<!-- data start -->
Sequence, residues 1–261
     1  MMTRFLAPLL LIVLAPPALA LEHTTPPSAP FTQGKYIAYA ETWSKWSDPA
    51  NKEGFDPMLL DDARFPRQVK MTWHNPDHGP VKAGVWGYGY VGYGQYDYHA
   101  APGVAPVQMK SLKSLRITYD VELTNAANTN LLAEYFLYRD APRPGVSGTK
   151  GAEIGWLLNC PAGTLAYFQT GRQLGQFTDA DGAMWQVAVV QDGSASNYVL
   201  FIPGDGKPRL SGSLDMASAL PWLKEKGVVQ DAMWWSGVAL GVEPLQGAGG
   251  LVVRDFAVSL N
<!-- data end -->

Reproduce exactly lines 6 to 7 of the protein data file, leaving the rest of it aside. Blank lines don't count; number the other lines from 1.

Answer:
   201  FIPGDGKPRL SGSLDMASAL PWLKEKGVVQ DAMWWSGVAL GVEPLQGAGG
   251  LVVRDFAVSL N